Annual award for the “Most Promising Newcomer” comic artist will be presented during the Eisner Awards in July at Comic-Con International.
The nominees have been announced for the 2018 Russ Manning Most Promising Newcomer Award, named for the creator of Magnus, Robot Fighter and illustrator of the Tarzan and Star Wars comic strips.
Presented annually since 1982, the award recognizes an artist who, early in his or her career, “shows a superior knowledge and ability in the art of creating comics.” Previous winners include Dave Stevens, Eleanor Davis, Jeff Smith, Marion Churchland, David Petersen, Tyler Crook, Dan Mora and Anne Szabla.
Congratulations to this year’s nominees:
Continue reading “Nominees announced for the 2018 Russ Manning Award”
Joye Hummel Murchison Kelly and Dorothy Roubicek Woolfolk, two comic book pioneers who kicked off their careers in the 1940s, will receive the award during the Eisners ceremony at Comic-Con International.
Comic-Con International has announced the recipients of this year’s Bill Finger Award for Excellence in Writing, which goes to writers who have not been given due recognition for their work.
Joye Hummel Murchison Kelly and Dorothy Roubicek Woolfolk, two comic book pioneers active in the 1940s, will be the first women to receive the award.
“We’re really excited about this one,” committee chair Mark Evanier said in a statement. “The comic book industry employed too few women in its early decades. Back when this year’s honorees were active, their gender was horribly unrepresented among the creative talents that made the comics—and what few there were went totally unrecognized. The work of these two extraordinary ladies deserves to be acknowledged and celebrated.”
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‘Monstress’ and ‘My Favorite Thing Is Monsters’ receive multiple nominations.
Comic-Con International has announced the nominees for the 2018 Eisner Awards, presented annually in San Diego at the convention.
Monstress by Marjorie Liu and Sana Takeda and My Favorite Thing Is Monsters by Emil Ferris each received five nominations across various categories; other comics with multiple nominations included Mister Miracle, Black Hammer, The Flintstones, Grass Kings, Eartha and Hawkeye.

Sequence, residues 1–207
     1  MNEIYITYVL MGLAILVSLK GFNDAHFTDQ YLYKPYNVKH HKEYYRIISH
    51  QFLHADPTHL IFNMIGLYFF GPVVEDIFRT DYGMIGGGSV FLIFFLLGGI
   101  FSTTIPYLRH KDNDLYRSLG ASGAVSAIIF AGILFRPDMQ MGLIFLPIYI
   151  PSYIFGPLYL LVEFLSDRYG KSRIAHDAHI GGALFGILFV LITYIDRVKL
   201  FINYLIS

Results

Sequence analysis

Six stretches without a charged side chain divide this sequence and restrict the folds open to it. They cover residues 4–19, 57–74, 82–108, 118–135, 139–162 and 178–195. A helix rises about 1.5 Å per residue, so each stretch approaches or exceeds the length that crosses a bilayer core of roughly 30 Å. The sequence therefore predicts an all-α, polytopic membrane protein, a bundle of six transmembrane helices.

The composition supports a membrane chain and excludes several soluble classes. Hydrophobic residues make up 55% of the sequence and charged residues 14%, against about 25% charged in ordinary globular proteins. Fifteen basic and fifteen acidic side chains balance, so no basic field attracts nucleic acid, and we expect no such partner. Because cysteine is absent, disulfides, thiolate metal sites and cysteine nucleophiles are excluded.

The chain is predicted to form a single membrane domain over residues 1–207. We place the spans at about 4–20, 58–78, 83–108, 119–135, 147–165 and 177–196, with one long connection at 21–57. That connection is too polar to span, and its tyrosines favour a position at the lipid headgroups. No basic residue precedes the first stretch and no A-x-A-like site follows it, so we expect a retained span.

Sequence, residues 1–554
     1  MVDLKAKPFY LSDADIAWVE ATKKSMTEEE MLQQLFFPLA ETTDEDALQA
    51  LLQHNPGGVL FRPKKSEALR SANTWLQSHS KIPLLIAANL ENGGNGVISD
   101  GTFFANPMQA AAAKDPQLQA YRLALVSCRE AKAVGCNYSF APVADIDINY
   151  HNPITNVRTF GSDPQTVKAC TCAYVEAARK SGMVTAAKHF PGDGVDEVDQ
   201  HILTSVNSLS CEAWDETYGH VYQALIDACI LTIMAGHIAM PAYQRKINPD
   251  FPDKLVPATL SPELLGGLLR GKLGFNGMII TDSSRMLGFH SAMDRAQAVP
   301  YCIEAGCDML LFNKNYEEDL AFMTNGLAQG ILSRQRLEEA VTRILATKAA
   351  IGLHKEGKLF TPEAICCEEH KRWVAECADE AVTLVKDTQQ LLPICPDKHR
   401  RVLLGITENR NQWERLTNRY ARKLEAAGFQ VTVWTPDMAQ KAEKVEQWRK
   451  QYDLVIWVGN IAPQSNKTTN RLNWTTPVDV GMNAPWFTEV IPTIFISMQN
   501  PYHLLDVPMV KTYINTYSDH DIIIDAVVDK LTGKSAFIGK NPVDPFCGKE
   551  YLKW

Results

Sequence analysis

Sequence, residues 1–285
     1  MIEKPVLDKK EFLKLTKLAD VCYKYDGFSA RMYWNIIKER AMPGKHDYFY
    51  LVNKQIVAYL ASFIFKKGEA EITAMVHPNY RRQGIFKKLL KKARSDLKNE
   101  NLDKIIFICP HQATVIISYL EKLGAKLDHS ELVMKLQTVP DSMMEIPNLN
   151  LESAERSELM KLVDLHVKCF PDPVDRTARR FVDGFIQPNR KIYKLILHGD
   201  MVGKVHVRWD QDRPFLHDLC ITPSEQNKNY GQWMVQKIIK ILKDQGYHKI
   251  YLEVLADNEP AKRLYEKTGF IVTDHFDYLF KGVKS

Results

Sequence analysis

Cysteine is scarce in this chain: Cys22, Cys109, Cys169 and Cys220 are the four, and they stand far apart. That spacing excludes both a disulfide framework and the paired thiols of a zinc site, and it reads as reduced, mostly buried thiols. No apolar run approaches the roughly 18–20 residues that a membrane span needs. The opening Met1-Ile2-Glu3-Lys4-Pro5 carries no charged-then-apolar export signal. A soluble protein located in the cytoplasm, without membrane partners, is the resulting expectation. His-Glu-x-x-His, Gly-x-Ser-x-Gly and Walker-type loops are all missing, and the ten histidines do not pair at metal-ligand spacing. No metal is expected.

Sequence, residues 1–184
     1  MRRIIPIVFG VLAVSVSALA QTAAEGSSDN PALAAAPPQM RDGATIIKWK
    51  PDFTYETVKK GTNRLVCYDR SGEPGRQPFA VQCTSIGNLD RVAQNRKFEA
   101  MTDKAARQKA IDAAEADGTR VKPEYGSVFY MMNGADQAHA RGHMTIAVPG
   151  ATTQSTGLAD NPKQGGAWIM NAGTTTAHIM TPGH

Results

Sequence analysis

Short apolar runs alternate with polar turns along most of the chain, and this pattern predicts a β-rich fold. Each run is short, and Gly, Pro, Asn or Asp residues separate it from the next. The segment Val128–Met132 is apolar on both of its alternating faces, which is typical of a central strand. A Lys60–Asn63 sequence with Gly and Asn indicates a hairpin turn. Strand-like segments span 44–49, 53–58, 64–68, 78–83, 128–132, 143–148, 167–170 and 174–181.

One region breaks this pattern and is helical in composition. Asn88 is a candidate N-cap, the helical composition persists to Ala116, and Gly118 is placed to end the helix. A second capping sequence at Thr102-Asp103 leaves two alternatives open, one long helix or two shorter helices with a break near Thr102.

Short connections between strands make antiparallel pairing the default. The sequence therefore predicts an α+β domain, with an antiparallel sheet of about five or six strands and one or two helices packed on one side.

Check out the complete list of nominees below.
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Comic-Con International announces the 2018 judge’s picks and other nominees for this year’s Eisner Hall of Fame.
Direct market pioneer Carol Kalish and black female newspaper cartoonist Jackie Ormes will be inducted into the Will Eisner Hall of Fame in July at Comic-Con International, as announced by CCI on their official blog this week.
Kalish, who worked as direct sales manager and vice president of new product development at Marvel Comics from 1981 to 1991, is credited with pioneering the comics direct market when it was in its adolescence, in part through a program in which Marvel helped pay for comic book stores to acquire cash registers. Kalish also spearheaded the expansion of the Marvel’s distribution into major bookstores such as B. Daltons and Waldenbooks. Kalish passed away in 1991 from a brain aneurysm, at the age 36.
Ormes was the first, and for a long time only, black female newspaper cartoonist. In the 1930s she wrote and drew Dixie in Harlem comics featuring Torchy Brown. After returning to her roots in journalism, she published Candy, a single-panel cartoon about a witty housemaid in 1945. Then she created Patty-Jo ’n’ Ginger, another single-panel cartoon about a pair of sisters, which ran for 11 years through 1956. Finally, from 1950 to 1954, Ormes revamped Torchy Brown into Torchy in Heartbeats, an 8-page color comic insert that included paper dolls. Ormes passed away in 1985.
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‘Comic con’ belongs to Comic-Con! Dr. Seuss Enterprises v. ComicMix! Plus Connor Willumson, behind the scenes on comiXology’s Guided View, recent personnel changes and more!
Legal: Comic-Con International won its trademark suit against Salt Lake Comic Con on Friday, when a jury determined that “comic con” is a trademark, and that Salt Lake Comic Con’s use of it was likely to confuse the public. However, the jury did not grant CCI the $12 million in damages that was requested in the lawsuit; stating they did not believe the infringement was intentional, they awarded CCI $20,000 for advertising to clear up any confusion.
Rob Salkowitz lays out the history of the case and the possible implications at Forbes, pointing out that some conventions already pay CCI a licensing fee for the use of the term. He also noted that the organizers of SLCC, Dan Farr and Bryan Brandenburg, tried to paint themselves as the Davids to CCI’s Goliath and ran a crowdfunding campaign to pay for their legal fees—but they also gave themselves $225,000 in bonuses. At the trial, however, CCI produced a survey that showed more than 70 percent of respondents identified the term “comic con” with the San Diego event.
In a statement released later that day, CCI reiterated that the trademark was theirs and that they had worked for almost 50 years to build that brand. “From the beginning all that we asked of the defendants was to stop using our Comic-Con trademarks,” the statement said. “Today we obtained a verdict that will allow us to achieve this. For that we are grateful.”